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15997.  Thu Mar 10, 2005 5:01 am Reply with quote

Here is something QI, it’s in a couple of different places around the web, although nowhere that you would call authoritative. Anyone heard about this before?

The Ancient Egyptians regarded the cat as one of the most sacred animals. Cats were revered as gods, and it was absolutely forbidden for anyone to kill them. When a pet cat died its owners would shave off their eyebrows as a sign of mourning and the body was embalmed and buried with gifts for their afterlife. In the fifth century BC King Cambyses led the Persian army into battle against Egypt. They succeeded in conquering Egypt because they had cats attached to their shields and so the Egyptians could not fight back for fear of injuring the cats

16000.  Thu Mar 10, 2005 5:43 am Reply with quote

I was aware of the catness of said Egyptians, but the cats-on-the-shield thing sounds too amazing to be true. I mean, an attacking army is an attacking army, whereas a picture of a cat is not a cat.

Didn't know about the eyebrow thing, though. :-D

16001.  Thu Mar 10, 2005 5:46 am Reply with quote

Herodotus has lots of anecdotes about Cambyses, but I can't find this one. A pity, because it has potential.

16002.  Thu Mar 10, 2005 5:48 am Reply with quote

I got the impression that it was actual cats that they had on their shields, rather than pictures.

Agreed that it is a bit fanciful.

Ah well.

16007.  Thu Mar 10, 2005 9:58 am Reply with quote

The story that live cats were tied to the shields appears on several websites, but alas none of them give an original source for the tale. Anybody who has ever tried to make a cat walk on a leash, even the kind that are harnesses that go around the body, ought to realise that this is a non-starter unless the cat is practically dead.

16010.  Thu Mar 10, 2005 10:13 am Reply with quote

Years and years ago we had a half-Siamese cat to whom we attached a lead, after having been told they were amenable to being taken thus for a walk. As soon as we'd got into the local park, the cat shot up a tree and stayed there, leaving us for all the world like misplaced bellringers. We never tried it again.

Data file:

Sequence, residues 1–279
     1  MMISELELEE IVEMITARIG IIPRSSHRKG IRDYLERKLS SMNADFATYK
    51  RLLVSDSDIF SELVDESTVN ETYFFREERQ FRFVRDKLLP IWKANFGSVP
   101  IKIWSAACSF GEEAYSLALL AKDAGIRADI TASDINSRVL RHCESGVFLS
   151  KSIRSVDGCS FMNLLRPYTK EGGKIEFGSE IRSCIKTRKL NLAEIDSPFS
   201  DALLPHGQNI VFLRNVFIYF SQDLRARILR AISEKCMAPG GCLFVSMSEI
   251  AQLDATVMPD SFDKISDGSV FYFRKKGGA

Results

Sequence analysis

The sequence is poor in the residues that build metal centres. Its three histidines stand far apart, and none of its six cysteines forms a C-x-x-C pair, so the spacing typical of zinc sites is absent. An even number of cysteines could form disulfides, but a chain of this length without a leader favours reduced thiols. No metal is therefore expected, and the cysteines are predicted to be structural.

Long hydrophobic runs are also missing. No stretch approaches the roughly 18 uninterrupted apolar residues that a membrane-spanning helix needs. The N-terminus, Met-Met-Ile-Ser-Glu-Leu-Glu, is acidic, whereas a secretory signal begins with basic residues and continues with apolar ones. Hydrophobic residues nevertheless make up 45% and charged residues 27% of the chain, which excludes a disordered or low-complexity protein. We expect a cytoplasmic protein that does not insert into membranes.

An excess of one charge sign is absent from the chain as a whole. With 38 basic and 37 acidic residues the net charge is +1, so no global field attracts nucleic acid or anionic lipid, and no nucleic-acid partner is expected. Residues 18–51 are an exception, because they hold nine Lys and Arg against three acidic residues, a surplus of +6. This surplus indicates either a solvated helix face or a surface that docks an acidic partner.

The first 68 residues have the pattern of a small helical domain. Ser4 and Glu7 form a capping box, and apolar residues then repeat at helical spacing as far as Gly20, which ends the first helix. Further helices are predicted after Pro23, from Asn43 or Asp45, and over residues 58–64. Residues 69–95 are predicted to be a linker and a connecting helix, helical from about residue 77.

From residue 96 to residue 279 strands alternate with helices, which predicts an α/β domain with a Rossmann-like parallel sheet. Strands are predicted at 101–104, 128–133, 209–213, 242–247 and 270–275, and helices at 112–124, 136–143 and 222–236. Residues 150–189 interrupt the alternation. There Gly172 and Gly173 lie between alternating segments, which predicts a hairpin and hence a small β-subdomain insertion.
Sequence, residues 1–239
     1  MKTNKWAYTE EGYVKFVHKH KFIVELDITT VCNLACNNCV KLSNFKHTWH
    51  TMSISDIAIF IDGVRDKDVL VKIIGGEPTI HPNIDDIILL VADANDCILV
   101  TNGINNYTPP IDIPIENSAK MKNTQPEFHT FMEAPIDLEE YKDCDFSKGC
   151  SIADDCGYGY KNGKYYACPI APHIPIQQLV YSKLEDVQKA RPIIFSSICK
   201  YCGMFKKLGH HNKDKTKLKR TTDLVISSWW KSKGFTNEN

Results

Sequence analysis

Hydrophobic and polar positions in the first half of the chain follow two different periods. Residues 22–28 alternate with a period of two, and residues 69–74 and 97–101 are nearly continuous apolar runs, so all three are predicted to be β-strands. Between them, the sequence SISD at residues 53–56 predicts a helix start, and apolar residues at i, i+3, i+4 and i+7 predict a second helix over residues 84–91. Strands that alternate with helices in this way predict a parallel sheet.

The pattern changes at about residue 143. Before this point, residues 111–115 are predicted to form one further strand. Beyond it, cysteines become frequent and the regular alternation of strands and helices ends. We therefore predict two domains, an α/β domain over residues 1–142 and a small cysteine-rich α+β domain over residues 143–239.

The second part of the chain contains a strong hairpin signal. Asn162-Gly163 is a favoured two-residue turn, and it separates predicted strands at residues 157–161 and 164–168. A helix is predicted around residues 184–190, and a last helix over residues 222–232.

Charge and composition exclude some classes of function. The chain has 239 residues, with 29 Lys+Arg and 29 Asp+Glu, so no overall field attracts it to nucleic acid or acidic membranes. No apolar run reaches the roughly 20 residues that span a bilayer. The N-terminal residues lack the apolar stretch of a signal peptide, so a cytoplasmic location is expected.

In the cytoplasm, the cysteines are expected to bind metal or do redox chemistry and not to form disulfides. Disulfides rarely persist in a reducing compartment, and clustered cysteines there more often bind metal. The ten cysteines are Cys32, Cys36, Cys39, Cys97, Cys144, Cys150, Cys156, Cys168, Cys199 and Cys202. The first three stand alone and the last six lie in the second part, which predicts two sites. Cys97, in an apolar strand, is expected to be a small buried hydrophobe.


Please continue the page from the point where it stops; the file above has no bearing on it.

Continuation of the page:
Perversely, Gwenni (for it was she) always insisted on coming on walks with us after that, yowling loudly all the way out and trotting with her tail held high all the way back.

16012.  Thu Mar 10, 2005 10:47 am Reply with quote

The closest I’ve come to a source for this story was on this website:

In the second century AD, the Macedonian rhetorician Polyaenus gave an account of the battle of Pelusium, in the eastern Delta, in 525 B.C. The stratagem of the Persian conqueror Cambyses was to shield his soldiers from missiles by putting rows of animals, cats among them, in front rank. The Egyptians were afraid that they might injure or kill their gods and duly lost the battle. It is unlikely, though, that this is a true story.

It mentions Polynaenus, who is famous for his “stratagems of war”, so it sounds likely that the story could have come from there, although the author cites his reference as “The Cat in Ancient Egypt” by Jaromir Malek.

So at least it looks like it’s a real story, if not a true one!

16013.  Thu Mar 10, 2005 11:09 am Reply with quote

I can't find a Polyaenus e-text, though the Gutenberg server is overloaded so maybe it's there. Printed versions appear to be:

    Polyaenus: Strategematon Libri VIII; and Incerti Scriptoris Byzantini Saeculi X. Liber de re Militari, edited by E. Woelfflin and I. Melber; and by R. Vari respectively (Stuttgart, 1887/1901, reprinted 1970).

    Polyaenus: Stratagems of War; translated by R. Shepherd, (London, 1793: reprinted Chicago, 1974).

    Polyaenus: Stratagems of War, 2 Volumes, translated by Peter Krentz and Everett L. Wheeler (Chicago, 1994).

Brackett, you might have to nip down the Bodleian after your tea. As pointed out, he's writing more than 700 years after the event, but it still makes a good yarn.

16023.  Thu Mar 10, 2005 1:44 pm Reply with quote

When cats get revenge - now it's personal...

16280.  Sun Mar 20, 2005 2:06 pm Reply with quote

This was uncovered by Gray:

Q: Where do most tigers live?
Forfeit: India
A: The USA